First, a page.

Published: Wed, April 04, 2018
Research | By Jennifer Evans

Rare dinosaur prints made 170 million years ago found in Scotland

Rare dinosaur prints made 170 million years ago found in Scotland

Whatever the dinosaurs were, the finding reinforces what palaeontologists discovered at Duntulm - that sauropods likely frequented and spent time in lagoons in Scotland in the Middle Jurassic.

The prints were found on Brothers' Point - Rubha nam Brathairean on the Trotternish peninsula on Skye's north eastern coast.

Dozens of purple and brown sea snails and limpets on Scotland's Isle of Skye have made a home in a rather unorthodox place: the water-filled, fossilized track marks left by dinosaurs about 170 million years ago, a new study finds. They used drones and cameras to map the site, explains a University of Edinburgh statement, and were able to make out many clear isolated footprints and two trackways.

Also spotted in the area were footprints of Theropods, another type of dinosaur that has sharp teeth and measures about two meters long.

Scientists are proclaiming a "globally important" breakthrough in the understanding of dinosaurs after a study into footprints found on the Isle of Skye in Scotland.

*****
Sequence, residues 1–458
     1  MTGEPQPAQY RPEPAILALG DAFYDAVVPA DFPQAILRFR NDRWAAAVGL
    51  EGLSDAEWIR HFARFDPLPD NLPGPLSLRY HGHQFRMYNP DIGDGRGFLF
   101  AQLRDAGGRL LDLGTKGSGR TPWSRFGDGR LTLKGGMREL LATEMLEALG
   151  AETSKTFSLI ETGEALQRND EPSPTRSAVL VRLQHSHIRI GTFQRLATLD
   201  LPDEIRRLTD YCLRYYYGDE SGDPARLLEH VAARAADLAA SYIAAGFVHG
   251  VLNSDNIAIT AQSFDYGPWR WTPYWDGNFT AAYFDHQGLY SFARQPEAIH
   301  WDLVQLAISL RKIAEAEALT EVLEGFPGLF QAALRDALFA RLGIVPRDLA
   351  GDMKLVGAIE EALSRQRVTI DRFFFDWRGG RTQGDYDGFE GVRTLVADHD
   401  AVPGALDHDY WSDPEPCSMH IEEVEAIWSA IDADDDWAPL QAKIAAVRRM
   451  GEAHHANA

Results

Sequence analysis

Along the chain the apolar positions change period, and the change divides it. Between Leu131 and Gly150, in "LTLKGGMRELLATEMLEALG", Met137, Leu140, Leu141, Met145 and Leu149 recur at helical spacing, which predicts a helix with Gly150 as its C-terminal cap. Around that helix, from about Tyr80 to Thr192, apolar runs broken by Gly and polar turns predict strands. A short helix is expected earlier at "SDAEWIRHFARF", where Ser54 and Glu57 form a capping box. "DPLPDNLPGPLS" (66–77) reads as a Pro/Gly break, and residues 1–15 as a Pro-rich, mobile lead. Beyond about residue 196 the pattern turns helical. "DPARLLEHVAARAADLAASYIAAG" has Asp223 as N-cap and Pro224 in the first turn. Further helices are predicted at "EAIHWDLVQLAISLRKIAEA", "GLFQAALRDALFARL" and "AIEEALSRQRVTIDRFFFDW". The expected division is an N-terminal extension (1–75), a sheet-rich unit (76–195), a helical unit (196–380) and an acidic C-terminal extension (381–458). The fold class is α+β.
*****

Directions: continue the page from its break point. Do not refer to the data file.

Dr Steve Brusatte, a geoscientist at Edinburgh University who led the field team, said: "We can tell they were made by sauropods - fairly primitive ones".

Teams of researchers work on uncovering as much evidence as they can find of dinosaurs that roamed our planet millions of years ago.

But a recent discovery of 170-million-year-old sauropod and theropod tracks are offering some clues, researchers reported yesterday (April 2) in the Scottish Journal of Geology.

The prints are thought to be the oldest dinosaur fossils ever found in Scotland and may shed light on an important period of dinosaur evolution, scientists said on Tuesday.

A student first discovered the footprints in 2016, which inspired the research, Mashable reported.

That site showed hundreds of footprints, nearly all from enormous, long-necked, plant-eating dinosaurs known as sauropods.

The footprints were hard to study owing to tidal conditions, the impact of weathering and changes to the landscape, the university said in a news release. Recently an worldwide team of researchers uncovered massive dinosaur footprints on Skye, a Scottish island, and published their findings in the Scottish Journal of Geology.

Paige dePolo, lead author of the study, wrote, "This site is a useful building block for us to continue fleshing out a picture of what dinosaurs were like on Skye in the Middle Jurassic".

The biggest footprint to be found was from a Sauropod.

This technology allowed the scientists to figure out the track outline, as well as the shape and orientation of the toes and presence of claws.

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